The effects of the RCEP agreement may decline after Bangladesh loses its duty-free export facility when it graduates from a least developed country to a developing one.
- $950 million derived to Bangladesh from RCEP-listed countries in FY2019-20.
- Bangladesh receives about one-third of its FDI from RCEP member countries every year.
- The impacts of the RCEP agreement may deteriorate after Bangladesh loses its duty-free export facility when it advances from a least developed country to a developing one.
- Bangladesh’s Delegation in Beijing has called for reinforcing trade relations with RCEP members, the European Union and the US, before the advancement by signing free trade agreements and bilateral or multilateral agreements
Vietnam’s inclusion in the Regional Comprehensive Economic Partnership (RCEP), the world’s biggest trade bloc, will harm Bangladesh’s exports.
Moreover, foreign direct investment (FDI) in Bangladesh from the major Asian economies included in the contract may decline, fears the Bangladesh delegation in Beijing.
The effects of this contract may deteriorate after Bangladesh loses its duty-free export facility when it rises from a least developed country (LDC) to a developing one.
So, the delegation instructed the authorities concerned to sign free trade agreements (FTAs) with the European Union and the US, before the advancement.
The delegation also opined in favour of reinforcing trade relations with RCEP members, including China, by signing FTAs or bilateral or multilateral agreements.
In a statement sent to the commerce ministry on 2 December this year, Mohammad Monsour Uddin, commercial counsellor at the Bangladesh Embassy in Beijing, said, “RCEP will not only increase trade and liberalise tariffs among its members but also create a favourable environment for investment and development value chains and production networks.”
“So, countries like China, Japan and South Korea will be motivated to invest in RCEP member countries due to the special market access and the mutual standards offered by RCEP. This would create some challenges for Bangladesh to fascinate FDI from these countries,” he added.
According to the Bangladesh Bank, FDI of $3,232 million came to Bangladesh in the fiscal year 2019-20. Of this sum, $950 million came from RCEP-listed countries like Singapore, China, Japan, South Korea, Thailand, and Malaysia. Results, Bangladesh receives around one-third of its FDI from RCEP member countries every year.
On 15 November, 15 countries – including Australia, New Zealand and 10 members of the Association of Southeast Asian Nations (ASEAN) – inked the RCEP deal, which covers 2.2 billion people with a combined GDP of $26.2 trillion.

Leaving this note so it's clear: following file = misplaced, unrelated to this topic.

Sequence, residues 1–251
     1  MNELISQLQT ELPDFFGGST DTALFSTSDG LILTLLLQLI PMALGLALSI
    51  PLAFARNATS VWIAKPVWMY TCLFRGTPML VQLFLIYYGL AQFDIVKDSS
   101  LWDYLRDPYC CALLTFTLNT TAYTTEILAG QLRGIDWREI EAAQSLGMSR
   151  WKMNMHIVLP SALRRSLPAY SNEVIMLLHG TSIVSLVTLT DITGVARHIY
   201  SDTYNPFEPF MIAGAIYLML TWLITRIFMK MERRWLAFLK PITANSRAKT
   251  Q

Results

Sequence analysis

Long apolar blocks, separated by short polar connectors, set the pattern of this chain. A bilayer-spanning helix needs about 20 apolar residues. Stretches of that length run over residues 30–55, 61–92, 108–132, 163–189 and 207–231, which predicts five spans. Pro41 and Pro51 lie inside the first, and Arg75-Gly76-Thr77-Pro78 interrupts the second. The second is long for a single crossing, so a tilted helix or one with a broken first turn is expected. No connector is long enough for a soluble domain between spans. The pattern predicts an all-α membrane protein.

Meanwhile, a board set up by the commerce ministry to review RCEP’s impact and assess Bangladesh’s inclusion in the multilateral agreement will see for the first time on Monday.
Shahidul Islam, head of the board and additional secretary to the ministry, told us that the committee would find the scope of work at the meeting. Later, the board will prepare a report with recommendations after meeting the stakeholders.
Dr Mostafa Abid, a member of the committee and Bangladesh Trade and Tariff Commission, told TBS, “There is a concern that the RCEP may affect our exports and FDI. After our advancement from LDC, exports may suffer more.”
“An inclusive study is required to review the impact of the RCEP. The board will meet with the public and private sectors and make endorsements to the government on their views,” he continued.
“Bangladesh now has no access to join the RECP in the next 18 months, even if it wants to be involved in it. So, we have to take full preparation at this time. To be included in the RCEP, we need to make major changes to our trade policy,” Dr Abid added.
The delegation report also said, “Unlike from Vietnam – who has contracted various Regional Trade Agreements such as RCEP, the Trans-Pacific Partnership and The Comprehensive and Progressive Agreement for Trans-Pacific Partnership – Bangladesh, advancement to LDC, is not guaranteed free trade access to these markets.”
To get more business news visit businessstar24.com
To get involved: Bangladesh Economic Forum
This Forum is for the community of the country’s Business & Economic News. This community started its journey in 2020. Ever since then, it has been the sole source for news and updates regarding finance and economics. This community aims to educate society on how the developments can shape their lives and how they should prepare themselves to participate in this economy. It shares news and in-depth reviews on the latest happenings around Bangladesh.
About Zulker Naeen
- Cutting trees and public consultations in Kenya during COVID-19
- When a ‘Climate Emergency’ is not enough
- Regional Energy Trends: A comparison of the five countries analysed
- Future of Venice lies among the fragile habitats of its Lagoon, threatened by man and climate change.
- Egypt’s air pollution is making my daughter sick
To Read, Japan’s threatened fields of green.
Tea farmers in the Asian country have long enjoyed a very stable and predictable climate, but as global warming and Covid-19 upends that equilibrium, they respond with new ways to farm and sell their products.
If you have any questions, comments or want to get involved, email Zulker Naeen at email@example.com – that’s me. I’d love to hear from you. And if you’ve been forwarded this email and liked what you saw, why not subscribe?